Their recently launched five-days-a-week brunch menu alone can change any meat-eater’s mind about vegan food with their fried chicken and waffles served with warm maple hot sauce. It’s the gateway plate to veganism for most rough-and-tumble meaty-meat eating carnivores. Bagels are schmeared with almond-based cream cheese, red onion slivers, capers, and carrot "lox." Slurp artichoke oysters, chow crab cakes, nosh the “cheese” platter. Pastas promise food porn in porcini cream, plus with risotto, lasagna, and scaloppini moutarde, there’s no wrong road to go down.
This is not your mama’s hippie vegan food. Music mogul Moby (yes, that guy) has created a haven for being vegan with soups, salads, entrees, and sides that will make you forget that burger and the cow it came from. Sink your teeth into a “sausage” and fennel sandwich with romesco aioli or treat your comfort food craving with stuffed shells (olive pesto or spinach ricotta) -- and weekends bring brunchy things like a veggie tofu frittata, as well as hit-the-spot pastries (maple espresso glazed cronut).
Current Top Cheftestant Phillip Frankland Lee’s exploration into purely vegan cuisine’s one of the city’s most well-received recent openings, thanks to simple tasting menus of vegetables enhanced by olive oil, lemon juice, and sea salt, as well as stuffed fried honey drizzled olives, blackened cauliflower, hummus, black beans, and sweet potatoes.
The ramen (from Top Chef dude Ilan Hall) is served at the counter just like any other ramen joint in town, as a throng of hungry customers slurp up their noodles in broth amid the bustling Grand Central Market. It may trick an unsuspecting ramen lover for just a moment: milky broth, toothy noodles, halved egg, and what looks like chashu. Surprisingly, it’s all vegan -- including the soft-boiled egg.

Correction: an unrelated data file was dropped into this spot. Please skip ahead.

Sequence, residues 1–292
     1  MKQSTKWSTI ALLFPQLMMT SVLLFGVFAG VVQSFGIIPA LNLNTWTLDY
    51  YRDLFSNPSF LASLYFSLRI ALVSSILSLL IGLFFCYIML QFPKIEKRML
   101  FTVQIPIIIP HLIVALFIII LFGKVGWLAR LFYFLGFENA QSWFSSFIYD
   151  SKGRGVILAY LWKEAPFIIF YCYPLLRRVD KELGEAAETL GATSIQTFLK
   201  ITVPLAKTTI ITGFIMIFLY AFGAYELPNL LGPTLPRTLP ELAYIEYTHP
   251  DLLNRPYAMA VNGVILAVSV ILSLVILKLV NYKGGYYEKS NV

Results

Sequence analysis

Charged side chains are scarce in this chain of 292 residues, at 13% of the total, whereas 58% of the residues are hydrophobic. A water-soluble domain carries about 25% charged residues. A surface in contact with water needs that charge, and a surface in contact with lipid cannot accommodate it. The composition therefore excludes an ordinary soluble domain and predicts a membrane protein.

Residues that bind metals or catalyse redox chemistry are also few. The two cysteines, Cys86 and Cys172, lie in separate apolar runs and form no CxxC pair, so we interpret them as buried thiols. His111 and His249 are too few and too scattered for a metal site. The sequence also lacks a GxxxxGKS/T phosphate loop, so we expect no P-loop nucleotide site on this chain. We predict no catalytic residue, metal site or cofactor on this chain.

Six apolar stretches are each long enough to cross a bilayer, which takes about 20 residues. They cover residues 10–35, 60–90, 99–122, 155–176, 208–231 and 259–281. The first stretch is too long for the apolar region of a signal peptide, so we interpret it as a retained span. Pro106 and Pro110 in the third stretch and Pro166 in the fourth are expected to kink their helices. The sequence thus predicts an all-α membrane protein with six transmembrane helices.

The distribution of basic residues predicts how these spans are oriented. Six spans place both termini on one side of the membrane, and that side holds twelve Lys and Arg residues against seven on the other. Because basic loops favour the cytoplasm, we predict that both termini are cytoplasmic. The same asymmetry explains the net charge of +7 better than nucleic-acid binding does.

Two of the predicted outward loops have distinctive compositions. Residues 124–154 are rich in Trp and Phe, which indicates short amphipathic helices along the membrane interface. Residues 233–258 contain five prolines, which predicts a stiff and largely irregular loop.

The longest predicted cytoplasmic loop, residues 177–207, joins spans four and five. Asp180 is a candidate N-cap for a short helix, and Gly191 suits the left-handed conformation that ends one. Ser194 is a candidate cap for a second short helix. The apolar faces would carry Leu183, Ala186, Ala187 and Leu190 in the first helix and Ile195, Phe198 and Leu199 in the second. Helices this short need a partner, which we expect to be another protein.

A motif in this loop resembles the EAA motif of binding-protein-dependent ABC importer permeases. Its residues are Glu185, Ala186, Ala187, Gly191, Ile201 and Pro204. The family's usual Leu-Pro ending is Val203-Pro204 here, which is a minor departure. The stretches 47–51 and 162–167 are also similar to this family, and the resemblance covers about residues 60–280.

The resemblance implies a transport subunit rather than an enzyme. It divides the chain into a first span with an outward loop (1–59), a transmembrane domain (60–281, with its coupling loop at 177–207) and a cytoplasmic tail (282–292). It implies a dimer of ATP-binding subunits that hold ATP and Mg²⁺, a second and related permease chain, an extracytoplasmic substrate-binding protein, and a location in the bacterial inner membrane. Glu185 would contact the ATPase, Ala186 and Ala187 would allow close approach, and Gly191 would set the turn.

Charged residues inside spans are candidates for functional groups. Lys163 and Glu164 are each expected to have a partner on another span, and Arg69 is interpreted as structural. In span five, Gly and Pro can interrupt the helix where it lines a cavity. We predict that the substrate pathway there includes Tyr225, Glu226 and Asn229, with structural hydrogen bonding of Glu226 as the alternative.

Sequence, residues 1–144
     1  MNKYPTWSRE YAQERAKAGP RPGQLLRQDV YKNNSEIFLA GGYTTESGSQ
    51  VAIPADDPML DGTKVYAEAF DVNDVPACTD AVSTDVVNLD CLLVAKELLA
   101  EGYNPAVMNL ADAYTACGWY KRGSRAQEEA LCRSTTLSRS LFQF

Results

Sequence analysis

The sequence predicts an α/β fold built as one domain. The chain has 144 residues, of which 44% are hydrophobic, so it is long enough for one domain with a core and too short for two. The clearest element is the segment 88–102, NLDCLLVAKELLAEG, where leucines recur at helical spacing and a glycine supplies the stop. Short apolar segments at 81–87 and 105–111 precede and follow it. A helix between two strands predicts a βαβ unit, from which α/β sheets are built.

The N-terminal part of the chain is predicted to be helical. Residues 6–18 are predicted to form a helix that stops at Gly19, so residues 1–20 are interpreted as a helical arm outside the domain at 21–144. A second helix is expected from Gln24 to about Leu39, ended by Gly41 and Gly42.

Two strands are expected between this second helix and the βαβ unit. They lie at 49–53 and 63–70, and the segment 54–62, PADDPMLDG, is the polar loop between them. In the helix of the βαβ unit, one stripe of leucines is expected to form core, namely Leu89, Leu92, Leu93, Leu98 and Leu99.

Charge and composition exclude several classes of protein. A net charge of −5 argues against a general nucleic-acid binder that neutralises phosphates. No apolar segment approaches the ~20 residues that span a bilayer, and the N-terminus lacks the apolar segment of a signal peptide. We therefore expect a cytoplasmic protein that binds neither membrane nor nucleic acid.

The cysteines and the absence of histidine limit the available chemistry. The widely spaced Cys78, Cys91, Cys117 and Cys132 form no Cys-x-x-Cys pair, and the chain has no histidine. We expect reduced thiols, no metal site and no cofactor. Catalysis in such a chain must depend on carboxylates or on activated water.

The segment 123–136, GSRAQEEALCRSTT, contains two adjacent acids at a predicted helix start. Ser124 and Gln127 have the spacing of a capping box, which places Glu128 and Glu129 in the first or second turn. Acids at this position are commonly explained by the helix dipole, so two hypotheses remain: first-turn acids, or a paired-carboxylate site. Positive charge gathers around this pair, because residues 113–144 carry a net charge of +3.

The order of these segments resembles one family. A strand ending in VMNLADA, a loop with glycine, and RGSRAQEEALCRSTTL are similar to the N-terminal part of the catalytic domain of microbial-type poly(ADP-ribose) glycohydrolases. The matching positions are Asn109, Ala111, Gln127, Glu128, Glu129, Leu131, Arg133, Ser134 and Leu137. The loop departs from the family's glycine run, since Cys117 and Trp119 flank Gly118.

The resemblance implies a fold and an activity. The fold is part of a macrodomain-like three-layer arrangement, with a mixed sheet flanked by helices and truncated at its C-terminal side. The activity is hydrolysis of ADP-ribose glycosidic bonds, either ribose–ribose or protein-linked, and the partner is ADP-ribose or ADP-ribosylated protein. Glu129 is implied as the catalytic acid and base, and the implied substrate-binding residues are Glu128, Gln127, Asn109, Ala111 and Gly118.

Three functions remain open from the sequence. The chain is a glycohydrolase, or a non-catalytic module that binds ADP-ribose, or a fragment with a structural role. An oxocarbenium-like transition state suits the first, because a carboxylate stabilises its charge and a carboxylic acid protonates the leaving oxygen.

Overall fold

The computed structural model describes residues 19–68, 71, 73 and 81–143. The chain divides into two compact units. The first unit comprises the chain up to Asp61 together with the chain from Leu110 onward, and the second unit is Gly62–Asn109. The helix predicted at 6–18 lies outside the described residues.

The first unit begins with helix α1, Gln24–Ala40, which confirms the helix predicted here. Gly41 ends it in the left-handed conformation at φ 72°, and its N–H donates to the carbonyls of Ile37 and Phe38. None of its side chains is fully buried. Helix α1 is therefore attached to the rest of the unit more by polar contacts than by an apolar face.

Japanese vegan sushi may sound like an oxymoron, but there’s nothing fishy about it (wokka-wokka). Their “Crunchy Tiger Hidden Dragon Roll” (BBQ seitan, tempura asparagus, avocado, crispy potato, wasabi mayo, sweet tamari sauce) is among the long list of delicious sushi rolls with freaky anime names like “Pirates of the Crunchy” and “Yellow Magic Orchestra.” But that vegan magic doesn’t stop at the sushi menu. The menu also includes Maple glazed Brussels sprouts, “crab cake” tartar, spicy “tuna” on crispy rice, seaweed, and kelp noodle salads, French onion and mushroom miso soups, even meatloaf, of all things (veggies and tamari red wine sauce). You’ll find yourself fishing for more reasons (wokka-wokka) to try both of their locations in Culver City and Downtown LA.
This quaint mom and pop restaurant looks like any other family operated Chinese diner with their cliché décor and elevator muzak, but make no mistake: mom knows what she’s doing when she rocks that vegan wok. Order up some hot and sour soup while you wait for “beef” and broccoli and see what happens. There’s enough kung pao power in their veggie-only dishes to make even a Buddha belly happy.
Get some good Delhi in your belly at the original Samosa House on Washington Blvd, where they make combo plates cafeteria style. Samosas and dosas are full of steaming hot spicy potatoes, and served with chutney, and the masala dosa is the real deal: thin rice lentil crepe stuffed with spicy potato. At Samosa House East, their sultry sister down the street, you can also get combo plates of charcoal smoked cauliflower, soy tikka masala, and spicy jackfruit.
It’s not-quite-vegan at this SGV spot, but you can ask for “no eggs” and you’ll be good to go with dishes like sesame cold noodles, soy meats like sliced “pork” with pickled veggies, and teriyaki tofu “eel” on rice. They also do sushi: the rainbow roll (carrot, lettuce, peanut powder, seaweed, wrapped in rice paper, mayo), is perfectly balanced and the peanut powder added unexpected sweetness.